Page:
Gallier Hall Dedication Ceremony (1853)
On this day in 1853 Gallier Hall, located on St. Charles Avenue at Lafayette Square, was dedicated as the new New Orleans City Hall.
Before Gallier Hall, the government offices in New Orleans were kept in the Cabildo, located on Jackson Square in the French Quarter. With the Louisiana Purchase of 1803, an influx of Americans led to tensions with the original Creole citizenry which led to a city ordinance that divided the city into three separate municipalities: the 1st -containing the French Quarter and Treme where the population was mostly French, Spanish, and French speaking Free People of Color, the 2nd – stretching from Canal Street to Felicity Street in the Lower Garden District where the population was mostly Anglophone American, and the 3rd – the Marigny and Bywater areas whose population was made up of more Creoles, Free People of Color and various immigrant groups. These three municipalities were governed by their own assembly of aldermen who met with those of the other municipalities once a year to discuss the city as a whole. While in the short term this arrangement seemed like a good idea – each section of the population could be properly represented by their aldermen who were of their own culture, language and religion, it wasn’t too long before this plan proved problematic. Even still this arrangement lasted 16 years and one of the major results of this plan led to deepening cultural tensions as according to Richard Campanella, “It pitted the municipalities against each other, as residents came to perceive a zero-sum game, where one’s gain came at the other’s expense.”
When the city was reunited in 1853, the building that had been built to house the 2nd Municipality government in the American Sector was to become the unified New Orleans City Hall. It would be the seat of New Orleans government from May 10th 1853 until city government moved to the current City Hall located on Perdido Street in 1957. This building is now known as Gallier Hall, named for the architect James Gallier, Sr. who was already famous for working on such notable New Orleans Landmarks as the St. Charles Hotel, Pontalba Apartments and St. Patrick’s Church.
In keeping with the time period, the mammoth building is designed in a Greek Revival style, popular throughout the United States from the first years of 1800 to the 1850s. A recent rediscovery of Greek archeology and the adoption of Greek Democratic ideals in the founding of the new nation of America led to the spread of Greek features decorating many new buildings both public and private.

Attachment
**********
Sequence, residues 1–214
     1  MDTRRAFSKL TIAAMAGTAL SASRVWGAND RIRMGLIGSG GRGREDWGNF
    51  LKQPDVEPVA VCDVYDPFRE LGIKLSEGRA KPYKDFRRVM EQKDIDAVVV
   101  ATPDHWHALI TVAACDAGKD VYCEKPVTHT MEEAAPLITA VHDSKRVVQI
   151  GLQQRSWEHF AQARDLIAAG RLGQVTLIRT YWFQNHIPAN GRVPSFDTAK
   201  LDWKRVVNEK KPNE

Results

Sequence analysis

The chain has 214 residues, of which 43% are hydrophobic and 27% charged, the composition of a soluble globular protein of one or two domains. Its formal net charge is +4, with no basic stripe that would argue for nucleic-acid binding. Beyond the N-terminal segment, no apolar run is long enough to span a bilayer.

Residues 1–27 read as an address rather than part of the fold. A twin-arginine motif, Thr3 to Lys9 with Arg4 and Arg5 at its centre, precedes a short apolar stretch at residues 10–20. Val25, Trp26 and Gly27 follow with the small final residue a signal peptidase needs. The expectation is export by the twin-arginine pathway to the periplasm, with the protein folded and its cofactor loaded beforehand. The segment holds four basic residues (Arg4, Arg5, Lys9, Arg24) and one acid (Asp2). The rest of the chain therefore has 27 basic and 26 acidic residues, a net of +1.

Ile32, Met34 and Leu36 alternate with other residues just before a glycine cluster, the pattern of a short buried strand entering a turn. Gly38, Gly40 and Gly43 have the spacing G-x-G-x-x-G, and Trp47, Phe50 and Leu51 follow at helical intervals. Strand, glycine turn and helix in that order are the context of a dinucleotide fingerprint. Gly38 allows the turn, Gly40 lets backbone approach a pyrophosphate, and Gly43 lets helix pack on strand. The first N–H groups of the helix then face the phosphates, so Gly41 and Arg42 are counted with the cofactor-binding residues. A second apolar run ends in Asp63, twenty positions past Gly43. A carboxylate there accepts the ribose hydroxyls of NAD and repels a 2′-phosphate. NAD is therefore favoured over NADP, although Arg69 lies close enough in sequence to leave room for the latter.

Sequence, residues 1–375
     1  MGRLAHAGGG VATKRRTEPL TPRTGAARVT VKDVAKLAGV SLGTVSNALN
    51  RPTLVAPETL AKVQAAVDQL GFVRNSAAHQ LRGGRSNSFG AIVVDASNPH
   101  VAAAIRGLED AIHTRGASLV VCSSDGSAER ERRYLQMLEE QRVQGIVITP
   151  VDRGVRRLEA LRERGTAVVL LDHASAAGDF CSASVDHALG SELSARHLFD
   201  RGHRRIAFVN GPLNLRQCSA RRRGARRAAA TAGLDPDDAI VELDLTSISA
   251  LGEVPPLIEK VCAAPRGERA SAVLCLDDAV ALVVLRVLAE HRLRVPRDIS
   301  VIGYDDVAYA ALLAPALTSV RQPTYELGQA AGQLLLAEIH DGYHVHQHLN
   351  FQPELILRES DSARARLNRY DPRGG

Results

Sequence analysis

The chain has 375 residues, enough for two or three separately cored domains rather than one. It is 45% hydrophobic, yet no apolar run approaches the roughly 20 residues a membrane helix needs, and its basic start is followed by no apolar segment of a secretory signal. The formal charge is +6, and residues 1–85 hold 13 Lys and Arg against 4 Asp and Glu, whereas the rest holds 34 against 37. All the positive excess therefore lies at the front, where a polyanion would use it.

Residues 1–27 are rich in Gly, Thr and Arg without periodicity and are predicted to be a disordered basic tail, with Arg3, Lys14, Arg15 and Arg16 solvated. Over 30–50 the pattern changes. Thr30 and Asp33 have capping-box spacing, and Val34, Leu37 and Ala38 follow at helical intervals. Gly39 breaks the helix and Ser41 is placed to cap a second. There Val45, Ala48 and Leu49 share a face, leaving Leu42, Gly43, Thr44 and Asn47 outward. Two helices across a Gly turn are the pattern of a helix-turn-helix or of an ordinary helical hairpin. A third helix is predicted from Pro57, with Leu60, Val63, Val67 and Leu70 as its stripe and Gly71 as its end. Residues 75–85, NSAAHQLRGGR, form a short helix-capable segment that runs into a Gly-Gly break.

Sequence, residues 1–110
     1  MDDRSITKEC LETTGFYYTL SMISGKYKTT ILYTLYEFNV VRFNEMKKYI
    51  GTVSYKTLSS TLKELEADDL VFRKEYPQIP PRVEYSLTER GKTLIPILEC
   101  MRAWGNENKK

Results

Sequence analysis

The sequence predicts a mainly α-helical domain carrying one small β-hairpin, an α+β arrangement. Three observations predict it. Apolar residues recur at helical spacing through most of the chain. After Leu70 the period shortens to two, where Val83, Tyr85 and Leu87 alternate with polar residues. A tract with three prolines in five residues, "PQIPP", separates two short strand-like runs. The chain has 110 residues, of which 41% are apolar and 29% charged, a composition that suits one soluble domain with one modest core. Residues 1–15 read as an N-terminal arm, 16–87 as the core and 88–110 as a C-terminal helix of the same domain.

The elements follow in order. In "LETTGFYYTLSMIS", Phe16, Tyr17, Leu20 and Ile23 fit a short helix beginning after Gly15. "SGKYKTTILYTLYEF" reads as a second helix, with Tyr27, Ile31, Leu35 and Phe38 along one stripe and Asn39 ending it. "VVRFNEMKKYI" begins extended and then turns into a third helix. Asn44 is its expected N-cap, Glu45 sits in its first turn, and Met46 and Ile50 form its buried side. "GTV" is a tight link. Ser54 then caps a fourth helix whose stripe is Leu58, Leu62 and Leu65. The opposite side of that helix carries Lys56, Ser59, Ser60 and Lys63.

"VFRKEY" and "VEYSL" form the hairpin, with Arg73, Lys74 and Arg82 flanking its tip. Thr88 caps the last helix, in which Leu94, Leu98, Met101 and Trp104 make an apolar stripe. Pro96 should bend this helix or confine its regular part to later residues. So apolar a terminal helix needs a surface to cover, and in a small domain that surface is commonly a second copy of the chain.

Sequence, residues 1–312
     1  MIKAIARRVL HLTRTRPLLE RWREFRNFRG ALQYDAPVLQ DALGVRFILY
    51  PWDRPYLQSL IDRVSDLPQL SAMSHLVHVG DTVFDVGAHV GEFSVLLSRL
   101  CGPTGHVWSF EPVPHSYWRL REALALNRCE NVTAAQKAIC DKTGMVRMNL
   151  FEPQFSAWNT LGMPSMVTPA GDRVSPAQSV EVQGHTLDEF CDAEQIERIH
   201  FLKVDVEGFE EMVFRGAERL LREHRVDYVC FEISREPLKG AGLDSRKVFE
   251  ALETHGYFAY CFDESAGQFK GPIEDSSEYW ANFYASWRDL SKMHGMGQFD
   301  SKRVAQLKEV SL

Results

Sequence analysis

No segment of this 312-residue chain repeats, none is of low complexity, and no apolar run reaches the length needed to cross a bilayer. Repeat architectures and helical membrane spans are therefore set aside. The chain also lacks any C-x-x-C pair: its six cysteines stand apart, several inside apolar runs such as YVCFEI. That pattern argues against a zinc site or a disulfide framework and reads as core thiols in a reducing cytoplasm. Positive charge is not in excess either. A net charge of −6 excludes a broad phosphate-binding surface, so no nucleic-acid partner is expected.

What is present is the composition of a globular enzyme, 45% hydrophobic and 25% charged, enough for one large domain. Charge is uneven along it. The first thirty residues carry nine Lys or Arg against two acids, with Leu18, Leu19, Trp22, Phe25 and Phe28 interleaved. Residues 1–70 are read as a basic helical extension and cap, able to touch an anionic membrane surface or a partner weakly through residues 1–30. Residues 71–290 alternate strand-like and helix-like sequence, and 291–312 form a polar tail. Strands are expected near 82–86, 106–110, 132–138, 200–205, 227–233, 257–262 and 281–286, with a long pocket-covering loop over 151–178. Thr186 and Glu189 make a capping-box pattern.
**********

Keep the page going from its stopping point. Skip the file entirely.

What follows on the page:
The main Greek Revival characteristics present in this building include a portico comprised of triangular pediment supported by ten Ionic columns, which according to John C. Ferguson, writing for KnowLA encyclopedia, “The column capitals are copied from those on the Erechtheum on the Acropolis in Athens.” The pediment is decorated with sculptures representing Justice, Liberty and Commerce. Dentils (small square shaped decorations) are also present below the pediment.
Owing to the proliferation of trade with the Northeastern United States at the time, much of the building materials used for the façade came from the Northeast, such as Tuckahoe Marble, which originated in Westchester County, New York, and Milford granite which was imported from Milford, Massachusetts. The original plan called for a building completely made of marble and granite, but instead less expensive brick was used for construction. The brick is covered with plaster and scored to resemble the more costly imported stone blocks.
During its use as City Hall, many important events happened in this building such as the formal Confederate surrender of the city in 1862, and funerary services held for Jefferson Davis in 1889. It was declared a National Landmark in 1974. Today the building is used for private events and is the traditional space used for the Mayor to view and toast Mardi Gras Parades as they make their way to Canal Street.
- Campanella, Richard. “Culture wars led to New Orleans’ most peculiar experiment in city management.” Nola.com. March 07, 2016, accessed May 10, 2016. http://www.nola.com/homegarden/index.ssf/2016/03/relics_remain_of_new_orleans_m.html#incart_article_small
- Ferguson, John C. “Gallier Hall.” In KnowLA Encyclopedia of Louisiana, edited by David Johnson. Louisiana Endowment for the Humanities, 2010–. Article published January 12, 2011. http://www.knowla.org/entry/575/&view=article.
- “NHL nomination for Gallier Hall” (PDF). National Park Service. Retrieved May 10, 2016
- Library of Congress. (https://www.loc.gov/item/la0041/)